Who Invented the Car?

Who Invented the Car?

There is no straightforward and definite answer to who invented the car. In fact, the history of this modern day invention is quite rich with various inventors and innovators in between who made great strides in its development. The idea of developing or inventing a car dates way back during the renaissance era. Even then the thought of a horseless carriage wasn’t even thought possible by many. Early Origin of the Idea Though we can not say who invented the car we can give credit to the many inventors who put their ideas forward and contributed to the development of this modern invention. The idea of creating a car or automobile dates back to the 15th century. Leonardo da Vinci, other than painting the Mona Lisa, made many designs that were way too early for his day. One of the pioneer ideas of this renaissance icon is the design of a transport vehicle. The Idea Takes Form From this single design comes many types and further designs of our modern day automobile. There are countless types and styles to be found as the years rolled by and innovators came into the scene. Some of the types of cars you’ll find during the different stages of development include those that run on electricity, steam, or gasoline. Giving a definite answer to who invented the car will largely depend on the opinion of the person giving such a credit. Nicolas-Joseph Cugnot In the year 1769 Nicolas-Joseph Cugnot came in and made a self propelled vehicle for the French army. The vehicle ran on steam and was three-wheeled with a velocity of 2.5 mph. Robert Anderson In the years from 1832 to 1839 we find Robert Anderson of Scotland as having developed...
Who Invented the Traffic Signal?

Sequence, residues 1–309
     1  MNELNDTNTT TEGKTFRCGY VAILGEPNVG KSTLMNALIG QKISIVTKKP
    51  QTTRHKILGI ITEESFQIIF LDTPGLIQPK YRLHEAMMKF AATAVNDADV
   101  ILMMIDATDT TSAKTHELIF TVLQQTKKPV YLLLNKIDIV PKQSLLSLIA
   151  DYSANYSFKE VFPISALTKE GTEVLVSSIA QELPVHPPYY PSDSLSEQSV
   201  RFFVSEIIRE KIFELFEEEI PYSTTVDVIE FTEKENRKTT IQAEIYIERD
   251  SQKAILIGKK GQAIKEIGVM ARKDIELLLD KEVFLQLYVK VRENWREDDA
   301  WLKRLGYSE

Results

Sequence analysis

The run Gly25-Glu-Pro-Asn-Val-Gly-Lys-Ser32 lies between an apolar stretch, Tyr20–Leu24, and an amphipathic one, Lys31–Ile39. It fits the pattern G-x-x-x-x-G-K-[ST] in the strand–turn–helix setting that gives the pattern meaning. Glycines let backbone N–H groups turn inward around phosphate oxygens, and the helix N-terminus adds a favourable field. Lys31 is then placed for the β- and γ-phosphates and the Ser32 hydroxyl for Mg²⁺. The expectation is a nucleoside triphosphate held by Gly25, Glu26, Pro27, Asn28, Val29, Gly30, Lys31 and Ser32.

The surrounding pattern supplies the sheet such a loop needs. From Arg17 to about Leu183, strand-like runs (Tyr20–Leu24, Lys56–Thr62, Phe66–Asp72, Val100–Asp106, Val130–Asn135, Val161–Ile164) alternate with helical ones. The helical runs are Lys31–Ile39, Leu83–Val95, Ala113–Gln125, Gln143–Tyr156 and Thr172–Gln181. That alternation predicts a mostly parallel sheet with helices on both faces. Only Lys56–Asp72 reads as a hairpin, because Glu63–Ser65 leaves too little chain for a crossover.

Who Invented the Traffic Signal?...

Early Traffic Signals Traffic lights had been in use even before cars were invented. In those days, people used horses, wagons and other means of transport. But the traffic was still horrible. So in 1868 in London, England, traffic enforcers came up with a basic device: A lantern with two lights – red and green. Green stood for “caution” and red for “stop.” A policeman would turn the lights regularly with a lever. Unfortunately this early traffic light proved unsafe. One model exploded a year later and hurt the operator. Automobiles and the Invention of the Modern Traffic Signals Things made a turn for the worse when cars were invented. In the early 20th century, transportation was in transition. Some people were using the new automobiles, others were still riding horses, wagons or bicycles. They all shared the same roads and streets with pedestrians. A lot of accidents took place as a result. A traffic police officer named William L. Potts, from Detroit, Michigan knew something had to be done. He saw as automated railroad signals as a model for street traffic signals. But the difference was railroads went on a straight path; streets were at right angles. So Potts designed a traffic signal device that could service four-way streets. He used three colors red, yellow (or amber) and green. He put the signal together with electric controls and wires. In 1920, he had it installed on the Michigan Avenue – Woodward corner street. These were the first automatic traffic signals. Detroit police went on to add fourteen more of these in twelve months. Patent for the Invention of the Traffic Signal As useful as Police Officer Potts’ invention was, he was not the first nor the last to...